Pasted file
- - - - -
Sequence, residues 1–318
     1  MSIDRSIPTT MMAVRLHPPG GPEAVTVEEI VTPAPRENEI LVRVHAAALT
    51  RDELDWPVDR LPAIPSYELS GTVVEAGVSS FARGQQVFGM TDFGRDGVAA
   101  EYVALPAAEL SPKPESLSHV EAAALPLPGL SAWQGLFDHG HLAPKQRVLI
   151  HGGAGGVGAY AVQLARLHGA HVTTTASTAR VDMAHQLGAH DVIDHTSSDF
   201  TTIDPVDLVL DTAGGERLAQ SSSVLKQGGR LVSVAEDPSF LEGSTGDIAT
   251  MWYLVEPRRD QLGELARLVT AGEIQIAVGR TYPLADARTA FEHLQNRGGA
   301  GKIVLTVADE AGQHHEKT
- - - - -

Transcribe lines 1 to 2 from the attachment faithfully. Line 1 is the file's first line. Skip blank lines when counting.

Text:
Sequence, residues 1–318
     1  MSIDRSIPTT MMAVRLHPPG GPEAVTVEEI VTPAPRENEI LVRVHAAALT